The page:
Next destination was home – but to delay the inevitable a little longer we settled for heading to hospital point anchorage (a pretty anchorage with a great view of Norfolk down town, just ½ mile from our marina). On route we had 10’s of dolphins pass us with a great display for over 15 minutes – what wonderful creatures. AT 11:30 am we crossed paths with Prydwen, she was heading North to the Annapolis area with her new owner, we got some of the best pictures of her we had ever taken (sails up) and had a brief talk on the radio before she disappeared over the horizon to her new life. As we came to the bottom of the bay, the wind decreased and we decided to experiment with the spinnaker. It worked great, until we turned into the shipping channel and on a wind shift we wrapped the sail around the forestay, just as two ships and a tug were converging on us! Fast panic work by Maryanne at the foredeck and some kindly ship operators (keeping out of our way) saved the day. The hospital point anchorage was very full of snowbirds heading south. With our draft however we were able to anchor at the “back” where it gets shallower, and were even able to anchor under sail again. We had dinner and toasted our successful arrival. We reflected on our trip, with mixed emotions (knowing it was almost over). Footprint had performed very well. We had had no major mechanical problems along the way (except the ongoing issues with the screacher).

We did have a list of things we wanted to do before our next trip. Power consumption was an issue especially at night under sail so we planned to reduce our night time amp usage (replace lights) and increase our recharging ability (more efficient or extra solar power). Water consumption was lower than we had expected (we made use of the galley sea tap where appropriate) and we feel we will be able to provision adequately for multi-week trips. Jib lines and track position were frightening to adjust at times, so we agreed to go with line control for the jib car on the track. We felt comfortable that we could be ready for our next big planned sail – 2008 to head North to Maine. We have no concerns that the boat (and crew) can handle the duration of a long ocean passage.

October/November 2007

We continued to sail the boat on the weekend as much as we were able. With the proceeds of the sale of Prydwen we focused on the remaining items from our outfitting list for Footprint. We were going to be ready for cruising. Researching and placing orders took countless hours – our first purchase was new laptops and that helped as Kyle could do research while Maryanne was at work. Boxes arrived daily, installing everything took a little longer, everything felt like a Christmas present. Installing the LEDs dropped consumption to basically nothing! But of course required a trip (actually two, but that is a different story) up the mast. Maryanne has number of sewing projects to keep her busy over the winter – everything is much more time consuming that we might have imagined.. This last few months have left us with very little free time, as we outfit the boat ready to leave in 2008 – hopefully once we leave we will have more time to share and keep in touch with our friends and family. We really feel like we are on course to go. Kyle’s mom (Carla) came to visit for a long weekend, and was a great sport – even staying aboard the boat for 2 nights – she was very complementary about Footprint, and our work to get to this point.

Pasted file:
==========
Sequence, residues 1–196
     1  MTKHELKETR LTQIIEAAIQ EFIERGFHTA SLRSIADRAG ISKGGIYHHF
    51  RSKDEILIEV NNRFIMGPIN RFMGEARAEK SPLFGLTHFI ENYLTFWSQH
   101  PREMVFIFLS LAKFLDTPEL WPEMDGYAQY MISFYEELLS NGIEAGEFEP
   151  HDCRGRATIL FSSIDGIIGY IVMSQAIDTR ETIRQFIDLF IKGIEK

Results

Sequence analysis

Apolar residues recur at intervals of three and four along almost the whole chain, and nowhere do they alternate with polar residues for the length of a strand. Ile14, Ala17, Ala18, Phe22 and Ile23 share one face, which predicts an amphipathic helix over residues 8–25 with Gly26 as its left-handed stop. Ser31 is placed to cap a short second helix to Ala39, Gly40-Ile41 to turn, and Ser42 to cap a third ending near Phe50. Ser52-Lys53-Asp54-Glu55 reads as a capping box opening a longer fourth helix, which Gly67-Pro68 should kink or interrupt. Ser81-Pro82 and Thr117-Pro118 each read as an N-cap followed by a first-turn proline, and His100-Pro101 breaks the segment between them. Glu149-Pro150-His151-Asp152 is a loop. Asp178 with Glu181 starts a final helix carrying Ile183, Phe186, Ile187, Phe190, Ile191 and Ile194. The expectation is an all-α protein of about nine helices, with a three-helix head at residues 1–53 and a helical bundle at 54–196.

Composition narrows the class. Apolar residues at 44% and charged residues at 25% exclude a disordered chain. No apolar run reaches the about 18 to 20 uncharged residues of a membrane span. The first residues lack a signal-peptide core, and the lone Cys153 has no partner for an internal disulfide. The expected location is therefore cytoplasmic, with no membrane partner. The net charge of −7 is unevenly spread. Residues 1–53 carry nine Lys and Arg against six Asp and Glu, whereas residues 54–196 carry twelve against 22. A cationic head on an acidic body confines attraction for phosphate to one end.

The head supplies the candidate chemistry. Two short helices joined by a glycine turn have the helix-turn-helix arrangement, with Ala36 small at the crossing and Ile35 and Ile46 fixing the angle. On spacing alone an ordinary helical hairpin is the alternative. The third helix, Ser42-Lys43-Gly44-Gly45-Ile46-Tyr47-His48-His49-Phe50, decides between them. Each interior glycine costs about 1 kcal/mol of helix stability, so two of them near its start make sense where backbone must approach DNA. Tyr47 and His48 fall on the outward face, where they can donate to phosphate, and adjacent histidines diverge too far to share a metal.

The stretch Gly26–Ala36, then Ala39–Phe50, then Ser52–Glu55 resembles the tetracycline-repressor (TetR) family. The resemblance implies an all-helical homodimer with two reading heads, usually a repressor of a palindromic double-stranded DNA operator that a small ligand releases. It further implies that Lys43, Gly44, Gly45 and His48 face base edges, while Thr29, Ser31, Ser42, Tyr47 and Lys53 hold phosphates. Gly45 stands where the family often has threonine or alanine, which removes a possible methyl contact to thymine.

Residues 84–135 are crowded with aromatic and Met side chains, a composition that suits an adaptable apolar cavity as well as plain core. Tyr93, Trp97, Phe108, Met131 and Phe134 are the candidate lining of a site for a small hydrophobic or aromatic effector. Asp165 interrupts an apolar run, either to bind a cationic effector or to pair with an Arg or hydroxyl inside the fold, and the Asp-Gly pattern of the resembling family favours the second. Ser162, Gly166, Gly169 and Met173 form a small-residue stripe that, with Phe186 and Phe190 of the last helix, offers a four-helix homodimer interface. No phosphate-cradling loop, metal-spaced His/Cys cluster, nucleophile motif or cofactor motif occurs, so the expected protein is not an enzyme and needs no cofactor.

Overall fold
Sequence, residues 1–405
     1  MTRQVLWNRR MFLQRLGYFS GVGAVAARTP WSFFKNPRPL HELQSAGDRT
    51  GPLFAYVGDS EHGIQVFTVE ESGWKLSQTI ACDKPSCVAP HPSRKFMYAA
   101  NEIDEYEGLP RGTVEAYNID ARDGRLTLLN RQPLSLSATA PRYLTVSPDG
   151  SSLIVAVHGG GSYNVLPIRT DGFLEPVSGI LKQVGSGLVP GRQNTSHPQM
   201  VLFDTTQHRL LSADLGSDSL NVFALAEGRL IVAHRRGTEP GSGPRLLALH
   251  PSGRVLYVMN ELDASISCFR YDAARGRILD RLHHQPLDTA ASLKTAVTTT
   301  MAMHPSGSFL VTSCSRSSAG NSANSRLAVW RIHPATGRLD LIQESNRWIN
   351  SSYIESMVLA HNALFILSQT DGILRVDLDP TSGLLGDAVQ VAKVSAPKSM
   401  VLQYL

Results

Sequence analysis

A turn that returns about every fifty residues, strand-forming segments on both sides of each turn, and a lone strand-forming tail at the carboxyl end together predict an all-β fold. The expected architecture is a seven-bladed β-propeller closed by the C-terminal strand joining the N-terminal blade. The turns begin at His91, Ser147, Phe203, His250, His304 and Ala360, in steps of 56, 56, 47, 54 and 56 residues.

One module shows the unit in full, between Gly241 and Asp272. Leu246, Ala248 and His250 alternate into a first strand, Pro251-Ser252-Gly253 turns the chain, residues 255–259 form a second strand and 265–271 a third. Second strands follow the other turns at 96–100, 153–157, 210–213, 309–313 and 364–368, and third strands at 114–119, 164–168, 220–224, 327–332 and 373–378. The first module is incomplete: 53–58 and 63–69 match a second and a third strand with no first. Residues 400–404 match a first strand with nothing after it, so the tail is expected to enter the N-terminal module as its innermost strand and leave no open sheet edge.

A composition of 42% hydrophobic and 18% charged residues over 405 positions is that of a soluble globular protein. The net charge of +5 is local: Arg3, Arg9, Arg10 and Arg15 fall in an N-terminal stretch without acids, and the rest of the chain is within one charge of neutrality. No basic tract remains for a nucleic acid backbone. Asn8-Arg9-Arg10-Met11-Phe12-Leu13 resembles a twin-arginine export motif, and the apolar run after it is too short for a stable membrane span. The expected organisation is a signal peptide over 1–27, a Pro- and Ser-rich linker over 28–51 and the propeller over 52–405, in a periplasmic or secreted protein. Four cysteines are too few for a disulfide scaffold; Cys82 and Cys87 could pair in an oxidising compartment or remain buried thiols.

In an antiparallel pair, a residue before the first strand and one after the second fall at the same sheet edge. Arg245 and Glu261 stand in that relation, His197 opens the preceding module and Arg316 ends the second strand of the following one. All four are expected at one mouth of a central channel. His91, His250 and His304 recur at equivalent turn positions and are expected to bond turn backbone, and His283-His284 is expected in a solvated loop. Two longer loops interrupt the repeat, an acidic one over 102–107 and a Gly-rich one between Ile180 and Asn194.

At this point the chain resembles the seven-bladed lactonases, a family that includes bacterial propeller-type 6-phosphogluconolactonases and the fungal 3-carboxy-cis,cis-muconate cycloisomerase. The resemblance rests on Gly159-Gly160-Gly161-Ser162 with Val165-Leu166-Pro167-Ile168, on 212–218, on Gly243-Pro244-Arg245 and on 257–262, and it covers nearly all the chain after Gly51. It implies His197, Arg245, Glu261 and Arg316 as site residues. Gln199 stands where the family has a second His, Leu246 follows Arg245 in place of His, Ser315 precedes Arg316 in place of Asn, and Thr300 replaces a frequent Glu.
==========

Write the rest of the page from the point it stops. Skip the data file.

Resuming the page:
December 2007

By December, the days had turned short enough and the weather cold enough to make sailing unappealing as a leisure activity. Our last sail in mid-November was mostly Kyle outside in the cold wind, and Maryanne in the heated cabin - not exactly sharing the dream!

We did use one warm weather weekend to complete a couple of the last remaining outside jobs. We installed treadmaster on some slick parts of the deck and also installed jib car control lines which much like the traveller control system should greatly reduce the chance of injury and drama during sail trim.

Since we had a fairly large area of treadmaster to apply we purchased a large sheet, which we needed to cut to size and then epoxy on the deck. Once the epoxy was mixed we had a 20 minute window to fit all the 4 large cut pieces. Functionally we are very pleased with it, and those once slick areas of the deck are now much safer - aesthetically we made quite a mess of the job - but as Kyle says, it will keep people from wanting to steal our boat.

We spent the balance of the month getting re-acquainted with friends that we had neglected during the sailing season. We visited our friends JD and Dale in Richmond with their one year old baby Lillian (one of the world's most smiley babies), and celebrated Kyle's 40th birthday with a local soaring trip and skeet shooting with a few close friends.

We pretty much completed the purchase of everything on our outfitting list with the exception of a few spare parts, tools, some medical kit items and the bike! We are really starting to feel ready to go - although Kyle is concerned the "stuff" is about to make the boat sink. Even though we purchased a larger boat, a catamaran is so weight sensitive, and there is so much more living space, that storage is still an issue.

The year was closed aboard Footprint with our friends Mark and Kate, who as always were wonderful company. For the first time in years we managed to be awake for the New Year, and impressed ourselves by staying up several hours beyond. We toasted in the New Year 2008 - together - looking forward to our best year yet. Kate and Mark stayed the night aboard, and were gracious enough to say they enjoyed the food, entertainment, and not complain about the living quarters. All of us suffered somewhat in the morning - lights were too bright, and noises too loud!

At long last we can say we are going cruising THIS YEAR.



2007-Mar - Initial Purchase And Maiden voyage